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improving the moral and intellectual faculties of man : services, no doubt, of the utmost importance, but which only modify, or transport the agricultural produce, add nothing to its quantity, and yield no new produce : whence they infer, that agricultural labour is the only productive one, and that all other labours are barren and unproductive. o This system made a great noise by its novelty, but was not otherwise successful ; it was not adopted by any English or Italian writer*; not even by those who consider agricultural labour as the most productive of all labours. I should not, therefore, have ranked it among those systems, the examination of which has any interest for the science; and the feeble sensation which it caused would have alike justified and excused my silence. 2 But the apology which one of our most esteemed writers on political economy-r, has lately made of this system, the plausible arguments on which he relies, to make it triumph over the doctrine of Adam Smith, and over the opinion of all the writers who have opposed the French economists, would not allow me to pass it over in silence. I shall not regret the discussion into which this opinion betrays me, if it serve to deveHope the fundamental principles of political economy, which are still too little, or not familiarly enough known, even to the most enlightened men. Political economy has experienced the fate of all sciences; tenets have preceded observation, visions have been attended to instead of facts, and systems taken for the science itself. Instead of observing labour, in its various relations, combinations, subdivisions, and points of contact with wealth; its numerous ramifications have been separated, each has been considered as a whole endowed with properties which belong only to labour in general. This has given birth to mistakes, paradoxes, and systems; which would have been avoided if a contrary conduct had been observed, and a different road taken, from that which has been followed.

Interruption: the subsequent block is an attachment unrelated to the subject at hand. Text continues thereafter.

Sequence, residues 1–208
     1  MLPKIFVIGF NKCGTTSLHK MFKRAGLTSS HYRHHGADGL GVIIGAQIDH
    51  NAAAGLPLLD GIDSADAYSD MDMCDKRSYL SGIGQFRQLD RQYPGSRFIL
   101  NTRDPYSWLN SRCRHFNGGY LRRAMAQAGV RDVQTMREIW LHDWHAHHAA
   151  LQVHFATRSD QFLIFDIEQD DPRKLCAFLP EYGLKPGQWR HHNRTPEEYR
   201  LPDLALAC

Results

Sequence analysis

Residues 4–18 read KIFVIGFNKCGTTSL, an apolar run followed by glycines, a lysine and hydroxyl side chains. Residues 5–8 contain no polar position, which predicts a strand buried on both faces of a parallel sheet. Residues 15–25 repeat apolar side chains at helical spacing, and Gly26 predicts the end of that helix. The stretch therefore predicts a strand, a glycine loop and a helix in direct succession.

* Except the Curate Paoletti, in his work dell’Annona, quoted before.
+. The French Senator Germain Garnier, in his notes annexed to his Translation of Adam Smith's Wealth of Nations. And, later still, the Economists have found, in England, with regard at least to their principal tenet, that the soil is the grand source of wealth, a very ingenious advocate in Mr. William Spence, of Hull, F. L. S. See his two pamphlets, Britain independent of Commerce, which has passed through six or seven large editions; and Agriculture the Source of the Wealth of Britain. Cadell and Davies; London; 1808,-T.